With a short field, the usual procedure is to get to the end of the runway, hold the brakes, apply full power, let it roll and be ready to abort if anything doesnt feel right. Rotate as soon as you would for just a soft field, and climb out of ground effect as soon as you reach Vx, the best angle-of-climb speed. Once obstacles are cleared of course, accelerate to Vy, best rate. Many soft fields that are also short are likely to have a slope, and its usually better to take off downhill. If you have to wonder between downhill and downwind, waiting until there is no wind is a good idea. (If the density altitude is up there too, that also might justify leaning the mixture at full power to extract the greatest possible performance from your engine, or even better consider making a dawn or dusk departure.)
Speaking of POHs, in the real world, many grass strips will also have spots nearby where downdrafts and turbulence often lurk, which can throw off your obstacle clearance calculations.
Pick Your Touchdown Point
Landing where its soft and short (possibly because you have to) means you want to put it down as close to the start of the runway as obstacles allow.(If there were none, youd just use the POH short field approach speed.) And in cases like these, a firmer touchdown is best and not retracting the flaps is better: If its short and rough, the wheels may be bouncing around too much, and you would likely get better braking from full flaps instead. The best short and soft technique is probably a controlled steep descent using a slip, followed by the above (and if things get really tight, killing the mixture at touchdown to remove any idle thrust).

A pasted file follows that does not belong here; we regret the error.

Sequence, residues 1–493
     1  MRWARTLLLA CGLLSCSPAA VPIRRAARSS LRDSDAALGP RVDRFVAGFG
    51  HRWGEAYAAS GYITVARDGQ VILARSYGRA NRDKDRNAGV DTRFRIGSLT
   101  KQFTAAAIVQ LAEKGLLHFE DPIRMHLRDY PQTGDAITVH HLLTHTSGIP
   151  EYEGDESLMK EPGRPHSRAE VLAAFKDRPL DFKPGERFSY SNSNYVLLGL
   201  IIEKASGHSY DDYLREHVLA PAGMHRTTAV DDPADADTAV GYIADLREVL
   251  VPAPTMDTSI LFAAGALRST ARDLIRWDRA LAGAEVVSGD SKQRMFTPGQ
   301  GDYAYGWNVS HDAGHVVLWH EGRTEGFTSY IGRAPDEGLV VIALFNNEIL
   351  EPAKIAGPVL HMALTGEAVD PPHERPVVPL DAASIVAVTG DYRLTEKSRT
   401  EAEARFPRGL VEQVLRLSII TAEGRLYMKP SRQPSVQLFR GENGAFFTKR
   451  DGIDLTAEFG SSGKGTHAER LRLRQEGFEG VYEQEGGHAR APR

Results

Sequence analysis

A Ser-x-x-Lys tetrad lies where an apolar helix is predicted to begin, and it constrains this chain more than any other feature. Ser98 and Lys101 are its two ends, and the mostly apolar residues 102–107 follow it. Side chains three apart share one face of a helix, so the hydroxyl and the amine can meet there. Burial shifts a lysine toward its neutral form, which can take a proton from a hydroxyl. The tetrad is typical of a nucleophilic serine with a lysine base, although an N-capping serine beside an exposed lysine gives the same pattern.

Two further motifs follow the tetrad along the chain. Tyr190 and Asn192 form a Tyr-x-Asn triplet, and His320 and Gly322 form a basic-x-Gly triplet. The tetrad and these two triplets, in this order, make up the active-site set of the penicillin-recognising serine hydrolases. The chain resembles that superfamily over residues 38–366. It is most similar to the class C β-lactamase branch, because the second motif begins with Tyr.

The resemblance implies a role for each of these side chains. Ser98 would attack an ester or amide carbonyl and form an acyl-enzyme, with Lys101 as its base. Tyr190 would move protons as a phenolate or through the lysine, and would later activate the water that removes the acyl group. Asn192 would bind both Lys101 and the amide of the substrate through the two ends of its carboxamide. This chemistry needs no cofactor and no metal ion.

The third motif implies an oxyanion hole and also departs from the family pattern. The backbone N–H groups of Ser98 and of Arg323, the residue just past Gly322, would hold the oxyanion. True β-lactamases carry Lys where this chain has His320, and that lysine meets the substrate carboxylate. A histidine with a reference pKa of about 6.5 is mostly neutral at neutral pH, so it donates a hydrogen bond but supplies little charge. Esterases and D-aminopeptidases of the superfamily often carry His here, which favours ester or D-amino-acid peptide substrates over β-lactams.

In a way, soft field operations are somewhat of a caricature of those which you perform normally. As far as the landings go, if you get used to landing soft when the situation allows it, your landing gear and the rest of your airplane will thank you, as might your passengers.
-Jeff Pardo is a freelance writer and editor who holds a Commercial certificate for airplanes, helicopters and sailplanes.